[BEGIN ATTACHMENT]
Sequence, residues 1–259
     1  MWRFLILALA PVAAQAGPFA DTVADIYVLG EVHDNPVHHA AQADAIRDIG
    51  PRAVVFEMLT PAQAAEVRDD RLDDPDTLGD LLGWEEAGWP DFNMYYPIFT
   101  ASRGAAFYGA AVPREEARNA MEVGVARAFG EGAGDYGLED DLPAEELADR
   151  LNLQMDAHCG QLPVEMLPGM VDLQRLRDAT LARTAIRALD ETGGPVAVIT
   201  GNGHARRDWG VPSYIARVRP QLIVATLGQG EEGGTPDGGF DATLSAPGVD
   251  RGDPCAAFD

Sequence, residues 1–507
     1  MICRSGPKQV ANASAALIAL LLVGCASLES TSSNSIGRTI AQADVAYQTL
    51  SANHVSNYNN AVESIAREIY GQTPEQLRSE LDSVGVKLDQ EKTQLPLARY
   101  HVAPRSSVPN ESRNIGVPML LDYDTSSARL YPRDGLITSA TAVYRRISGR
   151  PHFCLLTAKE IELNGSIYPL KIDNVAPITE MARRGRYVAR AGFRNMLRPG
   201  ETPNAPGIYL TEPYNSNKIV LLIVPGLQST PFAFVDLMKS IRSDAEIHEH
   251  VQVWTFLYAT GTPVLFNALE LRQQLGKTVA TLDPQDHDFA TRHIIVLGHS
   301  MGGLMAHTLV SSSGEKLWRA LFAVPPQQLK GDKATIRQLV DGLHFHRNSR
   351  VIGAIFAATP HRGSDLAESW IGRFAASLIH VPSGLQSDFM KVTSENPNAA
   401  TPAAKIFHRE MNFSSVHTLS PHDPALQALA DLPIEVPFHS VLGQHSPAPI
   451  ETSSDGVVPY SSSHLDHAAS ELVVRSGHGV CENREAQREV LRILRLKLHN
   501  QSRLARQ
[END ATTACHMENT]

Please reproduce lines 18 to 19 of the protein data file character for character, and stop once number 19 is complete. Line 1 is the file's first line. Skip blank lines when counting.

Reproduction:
   451  ETSSDGVVPY SSSHLDHAAS ELVVRSGHGV CENREAQREV LRILRLKLHN
   501  QSRLARQ